NARROW GAUGE.

Notwithstanding the total suspension of the entire free list on the Nevada Central, between here and Battle Mountain, the receipts of the road have not fallen off to any appreciable extent, and the annual dividends to stockholders will not be interrupted. That gallant little narrow-gauge has become a prime necessary of life to this community. All the trains rush to and fro on time, regardless of the weather, and snow never cuts off the communication as on the great Central Pacific. The track is always kept clear and open by the millions of cattle in the valley tramping down the snow as they use the track for a convenient thoroughfare in passing through the sagebrush.

SOCIETY NOTES.

During the coldest of the recent cold snap, Stillwater Thompson, Captain Bob and other Piute chiefs had to wear as high as seven linen dusters in order to keep warm, and the squaws all wound barley sacks around their feet and ankles, and away up till they waddled badly, and their tracks in the cold snow were precisely like unto those famous prehistoric tracks in the State Prison quarry near Carson.

The Skating rink on Main Street has been made a glorious success by the cold weather, and its proprietors have become so wealthy that they have changed their names to Vanderbilt and Gould.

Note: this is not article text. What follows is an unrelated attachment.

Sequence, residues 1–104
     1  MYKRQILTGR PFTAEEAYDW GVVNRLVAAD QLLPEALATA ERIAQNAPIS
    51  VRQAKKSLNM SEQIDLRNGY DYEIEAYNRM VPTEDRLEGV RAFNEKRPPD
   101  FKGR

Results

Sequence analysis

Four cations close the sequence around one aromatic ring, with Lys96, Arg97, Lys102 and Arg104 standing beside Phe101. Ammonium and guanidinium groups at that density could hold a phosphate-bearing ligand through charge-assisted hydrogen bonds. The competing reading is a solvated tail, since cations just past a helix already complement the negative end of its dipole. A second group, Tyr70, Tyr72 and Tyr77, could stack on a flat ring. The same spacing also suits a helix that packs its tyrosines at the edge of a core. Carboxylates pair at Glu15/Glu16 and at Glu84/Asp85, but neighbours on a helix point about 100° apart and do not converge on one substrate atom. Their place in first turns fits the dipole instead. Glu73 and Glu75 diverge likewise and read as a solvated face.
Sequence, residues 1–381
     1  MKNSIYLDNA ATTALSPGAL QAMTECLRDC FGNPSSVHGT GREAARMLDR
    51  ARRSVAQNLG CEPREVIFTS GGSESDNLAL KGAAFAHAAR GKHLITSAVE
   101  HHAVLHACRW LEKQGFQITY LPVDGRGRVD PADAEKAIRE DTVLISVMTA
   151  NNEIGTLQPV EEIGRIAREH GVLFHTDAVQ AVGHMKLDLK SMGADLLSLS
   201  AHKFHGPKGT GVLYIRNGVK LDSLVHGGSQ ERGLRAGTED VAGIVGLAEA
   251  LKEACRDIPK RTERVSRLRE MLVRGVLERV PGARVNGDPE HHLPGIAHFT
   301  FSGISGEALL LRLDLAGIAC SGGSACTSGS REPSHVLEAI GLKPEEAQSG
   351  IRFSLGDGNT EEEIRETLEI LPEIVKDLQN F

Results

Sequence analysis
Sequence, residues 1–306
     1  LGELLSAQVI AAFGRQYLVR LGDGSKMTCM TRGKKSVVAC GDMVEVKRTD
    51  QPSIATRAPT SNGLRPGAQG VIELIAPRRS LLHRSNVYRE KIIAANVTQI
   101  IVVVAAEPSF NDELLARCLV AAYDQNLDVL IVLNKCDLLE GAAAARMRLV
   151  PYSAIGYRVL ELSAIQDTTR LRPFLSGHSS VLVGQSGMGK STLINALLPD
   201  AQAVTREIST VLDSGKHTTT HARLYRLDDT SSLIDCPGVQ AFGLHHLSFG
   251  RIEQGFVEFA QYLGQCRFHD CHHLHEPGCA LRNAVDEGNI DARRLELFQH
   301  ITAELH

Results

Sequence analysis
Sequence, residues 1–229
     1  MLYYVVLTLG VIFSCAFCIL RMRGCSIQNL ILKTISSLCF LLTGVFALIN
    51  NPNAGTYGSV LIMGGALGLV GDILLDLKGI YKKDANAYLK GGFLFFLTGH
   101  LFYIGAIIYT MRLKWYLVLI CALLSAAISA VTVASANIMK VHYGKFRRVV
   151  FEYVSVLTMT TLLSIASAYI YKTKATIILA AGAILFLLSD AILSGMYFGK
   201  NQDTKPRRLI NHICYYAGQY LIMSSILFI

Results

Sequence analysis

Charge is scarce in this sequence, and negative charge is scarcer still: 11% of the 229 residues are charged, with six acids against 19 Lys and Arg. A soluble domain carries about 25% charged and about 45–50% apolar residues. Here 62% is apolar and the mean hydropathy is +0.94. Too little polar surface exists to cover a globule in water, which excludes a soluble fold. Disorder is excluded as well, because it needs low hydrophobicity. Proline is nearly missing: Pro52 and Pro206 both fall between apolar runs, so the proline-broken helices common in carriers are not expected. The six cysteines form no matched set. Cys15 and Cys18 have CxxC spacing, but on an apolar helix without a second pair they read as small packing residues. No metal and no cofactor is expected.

A lodge, wigwam or branch of the Young Men's Christian, etc., has been organized here, with a very flourishing membership and outlook. These juvenile Christians will not allow themselves to skate, drink, fish or fiddle on Sundays hereafter, but will attend more to mutual improvement and to the acquiring of further facilities in that line, extending the same to all who desire to join. It is a real good idea.

"Quijotoa." We have all read ever so much about it and its splendid bonanza prospects, but can't somebody tell the correct pronunciation of the word? Its derivation, definition, etymology, topography and all that sort of thing have been well ventilated, but won't somebody tell what syllable or syllables the accent comes upon? Kee-ho-to-e will do for pronunciation; now where does the accent come in?

ALF. DOTEN.